"Only bad thing about you is you haven't taught me how to use apostrophes."
(via Pink News)
As part of a weeklong anti-bullying campaign, a teacher at a school in England asked his students if they'd ever heard the word "gay" used in a derogatory way. "Almost every one of my class put their hands up. I was stunned," the unnamed teacher told Pink News, though if you've ever spent more than five minutes with a group of fourth graders, you're probably not as stunned as he was.
The students also all raised their hands when their teacher asked if they thought there was something wrong with being gay. The teacher had never mentioned his sexual orientation, even though his colleagues mentioned their "husbands, wives, and significant others all the time." He decided to get his headmaster's support to tell his students he was gay, "so they at least knew one gay person."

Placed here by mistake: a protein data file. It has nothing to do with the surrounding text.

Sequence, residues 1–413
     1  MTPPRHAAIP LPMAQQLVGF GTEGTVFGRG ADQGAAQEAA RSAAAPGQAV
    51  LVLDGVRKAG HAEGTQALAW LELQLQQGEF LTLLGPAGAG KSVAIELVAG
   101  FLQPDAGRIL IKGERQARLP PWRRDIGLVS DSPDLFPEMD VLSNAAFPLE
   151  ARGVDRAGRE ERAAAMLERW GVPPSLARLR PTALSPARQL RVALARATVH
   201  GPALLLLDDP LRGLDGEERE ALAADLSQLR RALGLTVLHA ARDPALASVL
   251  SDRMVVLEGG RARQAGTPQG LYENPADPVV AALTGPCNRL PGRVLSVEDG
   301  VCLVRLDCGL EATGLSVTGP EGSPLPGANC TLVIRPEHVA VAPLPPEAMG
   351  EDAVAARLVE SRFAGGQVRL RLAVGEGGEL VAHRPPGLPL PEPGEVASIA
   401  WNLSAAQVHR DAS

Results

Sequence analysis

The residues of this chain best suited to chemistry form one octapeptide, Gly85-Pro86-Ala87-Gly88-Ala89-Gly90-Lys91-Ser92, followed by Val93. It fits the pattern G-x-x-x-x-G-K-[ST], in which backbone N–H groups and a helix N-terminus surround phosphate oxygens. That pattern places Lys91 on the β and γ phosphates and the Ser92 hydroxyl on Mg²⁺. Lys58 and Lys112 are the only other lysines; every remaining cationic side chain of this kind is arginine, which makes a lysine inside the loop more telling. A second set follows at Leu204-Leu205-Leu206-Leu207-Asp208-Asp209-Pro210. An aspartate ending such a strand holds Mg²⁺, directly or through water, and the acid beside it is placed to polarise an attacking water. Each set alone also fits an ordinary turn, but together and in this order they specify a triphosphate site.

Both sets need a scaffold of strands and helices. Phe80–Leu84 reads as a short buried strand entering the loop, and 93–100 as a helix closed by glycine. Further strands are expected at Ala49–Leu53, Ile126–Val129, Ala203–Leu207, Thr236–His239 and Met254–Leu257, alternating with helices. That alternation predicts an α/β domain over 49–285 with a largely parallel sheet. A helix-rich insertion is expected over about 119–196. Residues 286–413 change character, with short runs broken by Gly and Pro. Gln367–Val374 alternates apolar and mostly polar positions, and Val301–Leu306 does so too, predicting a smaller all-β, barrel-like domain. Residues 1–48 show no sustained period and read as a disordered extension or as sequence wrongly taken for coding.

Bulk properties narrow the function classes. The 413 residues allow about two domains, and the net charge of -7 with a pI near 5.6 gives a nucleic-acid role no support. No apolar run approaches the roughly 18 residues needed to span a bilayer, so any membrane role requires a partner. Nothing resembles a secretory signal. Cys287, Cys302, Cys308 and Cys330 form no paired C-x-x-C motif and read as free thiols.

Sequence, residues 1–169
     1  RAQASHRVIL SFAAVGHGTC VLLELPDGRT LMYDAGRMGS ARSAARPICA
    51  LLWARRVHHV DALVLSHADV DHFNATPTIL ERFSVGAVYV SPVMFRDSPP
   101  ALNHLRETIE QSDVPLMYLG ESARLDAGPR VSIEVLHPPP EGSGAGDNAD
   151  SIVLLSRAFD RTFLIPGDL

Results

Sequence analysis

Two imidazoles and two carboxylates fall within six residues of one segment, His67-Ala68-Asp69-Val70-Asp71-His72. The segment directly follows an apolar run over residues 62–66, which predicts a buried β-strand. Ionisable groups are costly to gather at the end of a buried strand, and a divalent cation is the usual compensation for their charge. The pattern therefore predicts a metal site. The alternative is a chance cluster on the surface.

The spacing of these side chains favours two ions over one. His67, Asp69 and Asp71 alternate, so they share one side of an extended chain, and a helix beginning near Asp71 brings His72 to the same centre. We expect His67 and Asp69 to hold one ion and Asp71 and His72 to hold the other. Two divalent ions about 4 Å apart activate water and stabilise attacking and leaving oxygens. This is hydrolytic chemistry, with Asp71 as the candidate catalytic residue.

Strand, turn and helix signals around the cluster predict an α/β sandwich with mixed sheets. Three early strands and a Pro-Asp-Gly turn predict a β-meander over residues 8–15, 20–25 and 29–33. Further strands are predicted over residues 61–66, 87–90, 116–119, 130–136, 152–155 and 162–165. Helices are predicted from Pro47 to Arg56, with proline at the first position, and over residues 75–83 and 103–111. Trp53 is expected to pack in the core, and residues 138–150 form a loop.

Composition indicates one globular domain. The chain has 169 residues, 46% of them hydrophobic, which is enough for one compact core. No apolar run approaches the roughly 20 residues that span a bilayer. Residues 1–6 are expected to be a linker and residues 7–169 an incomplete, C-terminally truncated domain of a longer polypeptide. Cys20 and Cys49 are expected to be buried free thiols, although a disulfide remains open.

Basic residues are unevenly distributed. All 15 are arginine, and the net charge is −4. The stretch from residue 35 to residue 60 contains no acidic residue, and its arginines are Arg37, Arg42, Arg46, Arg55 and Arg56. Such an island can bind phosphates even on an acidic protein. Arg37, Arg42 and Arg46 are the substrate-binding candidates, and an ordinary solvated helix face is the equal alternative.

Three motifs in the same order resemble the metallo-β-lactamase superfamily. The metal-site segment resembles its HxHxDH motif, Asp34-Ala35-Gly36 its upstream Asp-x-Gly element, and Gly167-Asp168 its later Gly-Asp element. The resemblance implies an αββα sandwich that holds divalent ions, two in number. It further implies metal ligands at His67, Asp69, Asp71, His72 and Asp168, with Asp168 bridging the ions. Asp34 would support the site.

With the headmaster's support, the teacher came out to his class. "The reaction was fantastic—there were lots of gasps and shocked looks and some basic questions—do you have a boyfriend, etc—but after a couple of minutes they were over it and we moved on to the rest of the lesson," he said to Pink News.
Then, a couple of days later, this letter appeared from a 9-year-old girl in his class who wanted to make sure her teacher knew how "brave" he was. She writes, "I will always treat you the same way as I do now" and told him not to "feel scared because I know that everyone in the class feels the same way as I do." (Perhaps she took her own informal hand-raising survey.)
The teacher was touched by her letter, and loved that he is now able to "mention [his] fiance as easily as any other teacher." No report on whether his students have stopped using "gay" as an insult, but let's take this one step at a time.